Debate Magazine

Defining Property Rights.

Posted on the 28 December 2016 by Markwadsworth @Mark_Wadsworth
Property rights are the foundation upon which we build a peaceful and prosperous society. They are thus human rights (perhaps the only ones).
Given their importance, it's somewhat surprising how little most people, especially economists,  think about how they are defined and whether they are correct as they currently stand. After all, efficient resource allocation is entirely dependent upon incentives.
When I ask people how they can tell if something rightfully belongs to them, these are the answers they most often give.
  1. I paid for it.
  2. Legal title.
  3. I discovered it.
  4. I used it first.

None of the above confers moral ownership of something because, for example-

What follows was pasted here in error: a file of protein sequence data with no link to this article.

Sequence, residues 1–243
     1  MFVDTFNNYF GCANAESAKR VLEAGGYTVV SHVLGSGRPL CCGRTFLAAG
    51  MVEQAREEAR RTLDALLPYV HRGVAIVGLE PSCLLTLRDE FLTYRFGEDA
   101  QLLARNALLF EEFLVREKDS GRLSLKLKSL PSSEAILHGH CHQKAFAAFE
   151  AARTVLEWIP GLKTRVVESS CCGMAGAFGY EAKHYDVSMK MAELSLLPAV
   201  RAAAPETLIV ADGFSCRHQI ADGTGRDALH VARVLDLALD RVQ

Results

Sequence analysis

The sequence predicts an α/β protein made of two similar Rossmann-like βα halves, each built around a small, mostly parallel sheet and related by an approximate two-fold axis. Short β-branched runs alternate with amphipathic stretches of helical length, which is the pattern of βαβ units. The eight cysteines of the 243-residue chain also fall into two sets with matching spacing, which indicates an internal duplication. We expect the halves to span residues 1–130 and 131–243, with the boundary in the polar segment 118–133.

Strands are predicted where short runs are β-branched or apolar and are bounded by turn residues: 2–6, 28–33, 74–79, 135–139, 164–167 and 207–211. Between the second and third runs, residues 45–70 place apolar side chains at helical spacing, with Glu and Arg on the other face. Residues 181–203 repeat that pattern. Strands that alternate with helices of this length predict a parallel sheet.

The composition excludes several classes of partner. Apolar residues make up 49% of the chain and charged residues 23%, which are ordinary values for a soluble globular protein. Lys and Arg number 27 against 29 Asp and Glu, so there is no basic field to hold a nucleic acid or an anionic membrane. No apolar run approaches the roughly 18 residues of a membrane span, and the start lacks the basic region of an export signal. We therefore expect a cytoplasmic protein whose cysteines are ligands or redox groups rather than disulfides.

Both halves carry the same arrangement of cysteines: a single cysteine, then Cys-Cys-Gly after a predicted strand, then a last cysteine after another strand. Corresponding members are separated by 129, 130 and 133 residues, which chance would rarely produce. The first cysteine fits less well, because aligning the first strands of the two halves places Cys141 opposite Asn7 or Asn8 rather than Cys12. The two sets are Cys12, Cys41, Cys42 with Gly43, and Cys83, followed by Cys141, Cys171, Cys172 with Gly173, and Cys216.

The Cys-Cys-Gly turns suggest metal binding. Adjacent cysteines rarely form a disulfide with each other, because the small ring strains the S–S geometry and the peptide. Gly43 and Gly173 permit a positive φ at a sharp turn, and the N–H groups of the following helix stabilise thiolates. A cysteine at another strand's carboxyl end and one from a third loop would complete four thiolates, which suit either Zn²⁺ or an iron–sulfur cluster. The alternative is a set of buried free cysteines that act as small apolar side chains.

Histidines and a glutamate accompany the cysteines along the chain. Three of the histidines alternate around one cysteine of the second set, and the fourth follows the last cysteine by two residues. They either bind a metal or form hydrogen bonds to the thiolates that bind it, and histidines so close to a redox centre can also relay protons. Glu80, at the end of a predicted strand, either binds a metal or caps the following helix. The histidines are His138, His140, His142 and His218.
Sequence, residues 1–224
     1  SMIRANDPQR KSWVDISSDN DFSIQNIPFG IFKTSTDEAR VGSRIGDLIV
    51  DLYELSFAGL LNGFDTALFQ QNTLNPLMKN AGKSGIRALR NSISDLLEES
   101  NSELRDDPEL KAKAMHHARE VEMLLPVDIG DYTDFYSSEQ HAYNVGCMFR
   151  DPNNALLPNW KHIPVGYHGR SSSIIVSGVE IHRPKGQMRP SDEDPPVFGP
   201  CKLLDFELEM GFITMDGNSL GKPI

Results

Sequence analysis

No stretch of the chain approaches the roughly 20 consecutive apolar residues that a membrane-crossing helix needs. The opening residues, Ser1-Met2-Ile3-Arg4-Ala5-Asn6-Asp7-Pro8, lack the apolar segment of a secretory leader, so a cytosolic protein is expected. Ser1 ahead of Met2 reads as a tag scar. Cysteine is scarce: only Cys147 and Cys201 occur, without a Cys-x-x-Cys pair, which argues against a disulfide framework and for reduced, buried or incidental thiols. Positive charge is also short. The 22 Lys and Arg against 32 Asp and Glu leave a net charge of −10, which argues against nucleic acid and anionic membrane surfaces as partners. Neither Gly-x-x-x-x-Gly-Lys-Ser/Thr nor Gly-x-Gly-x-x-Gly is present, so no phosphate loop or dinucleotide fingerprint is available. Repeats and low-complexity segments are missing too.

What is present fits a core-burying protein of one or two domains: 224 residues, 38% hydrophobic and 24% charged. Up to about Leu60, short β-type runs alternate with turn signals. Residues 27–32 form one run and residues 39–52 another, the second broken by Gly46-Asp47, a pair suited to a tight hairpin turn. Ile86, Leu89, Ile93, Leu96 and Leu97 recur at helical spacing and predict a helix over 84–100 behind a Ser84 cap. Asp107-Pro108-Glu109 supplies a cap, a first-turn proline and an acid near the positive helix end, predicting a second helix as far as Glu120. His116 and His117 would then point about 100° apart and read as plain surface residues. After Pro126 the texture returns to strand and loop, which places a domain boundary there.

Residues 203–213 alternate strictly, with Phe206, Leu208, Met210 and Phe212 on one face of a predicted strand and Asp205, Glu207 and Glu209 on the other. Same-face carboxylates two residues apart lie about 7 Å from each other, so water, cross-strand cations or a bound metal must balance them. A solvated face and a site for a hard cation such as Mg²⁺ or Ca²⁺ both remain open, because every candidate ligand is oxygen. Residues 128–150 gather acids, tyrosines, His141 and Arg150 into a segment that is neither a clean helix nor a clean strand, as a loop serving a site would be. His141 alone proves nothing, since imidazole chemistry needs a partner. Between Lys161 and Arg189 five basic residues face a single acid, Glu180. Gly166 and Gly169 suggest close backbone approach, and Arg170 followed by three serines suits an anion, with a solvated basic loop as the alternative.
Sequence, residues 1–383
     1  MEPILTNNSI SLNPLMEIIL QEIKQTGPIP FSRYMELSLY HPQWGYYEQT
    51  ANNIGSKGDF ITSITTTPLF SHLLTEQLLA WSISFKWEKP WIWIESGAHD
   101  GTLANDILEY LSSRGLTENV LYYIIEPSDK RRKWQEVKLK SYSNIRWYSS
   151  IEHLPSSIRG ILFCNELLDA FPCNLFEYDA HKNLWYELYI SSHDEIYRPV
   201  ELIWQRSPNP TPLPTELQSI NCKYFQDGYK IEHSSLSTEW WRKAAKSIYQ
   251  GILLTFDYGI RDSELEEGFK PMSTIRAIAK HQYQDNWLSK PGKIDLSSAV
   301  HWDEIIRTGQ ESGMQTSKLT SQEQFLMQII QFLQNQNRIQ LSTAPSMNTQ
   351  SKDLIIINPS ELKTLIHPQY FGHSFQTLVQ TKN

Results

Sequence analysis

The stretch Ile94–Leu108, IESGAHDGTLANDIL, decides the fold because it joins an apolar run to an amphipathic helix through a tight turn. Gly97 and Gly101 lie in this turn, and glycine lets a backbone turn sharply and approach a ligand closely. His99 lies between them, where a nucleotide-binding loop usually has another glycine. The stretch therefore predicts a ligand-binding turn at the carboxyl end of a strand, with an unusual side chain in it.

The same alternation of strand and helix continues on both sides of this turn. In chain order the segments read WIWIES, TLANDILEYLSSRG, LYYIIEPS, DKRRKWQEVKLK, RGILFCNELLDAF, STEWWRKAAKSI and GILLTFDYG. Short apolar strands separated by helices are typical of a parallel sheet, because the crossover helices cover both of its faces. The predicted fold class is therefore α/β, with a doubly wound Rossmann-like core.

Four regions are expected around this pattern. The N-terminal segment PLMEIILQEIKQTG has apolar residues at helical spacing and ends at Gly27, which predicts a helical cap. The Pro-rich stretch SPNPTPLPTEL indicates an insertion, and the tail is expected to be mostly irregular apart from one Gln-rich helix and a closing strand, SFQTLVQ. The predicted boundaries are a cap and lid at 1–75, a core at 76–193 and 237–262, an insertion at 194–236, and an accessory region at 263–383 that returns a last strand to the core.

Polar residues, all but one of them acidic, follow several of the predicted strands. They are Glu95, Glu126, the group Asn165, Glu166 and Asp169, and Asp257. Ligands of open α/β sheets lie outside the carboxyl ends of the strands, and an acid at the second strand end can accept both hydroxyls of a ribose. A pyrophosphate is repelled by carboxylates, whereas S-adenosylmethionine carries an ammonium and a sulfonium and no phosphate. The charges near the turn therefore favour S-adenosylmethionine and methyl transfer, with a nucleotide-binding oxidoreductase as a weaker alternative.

1. We can pay for stolen goods.
  2. We can pay for stolen goods that society deems acceptable. Like slaves once were.
  3. I can discover something of value on your property. Like a gold watch in your attic you never knew you had.
  4. I can intercept something in the post you bought from Amazon and use it first.

Therefore none of 1-4 provides an ethical basis for assigning property rights. I believe the only way by which a property right can be claimed is the creation of a good or service and its provenance.
Which means the following are an infringement of property rights.
  1. Taxation of factors produced by human effort.
  2. Uncompensated exclusion from scarce natural resources.
  3. Exclusion from the ability to use any idea.

I would therefore postulate that if property rights are fundamental, then the fact that every Country in the World is guilty of doing a,b and c, then this is the root cause of much, if not all, social and economic dysfunction.


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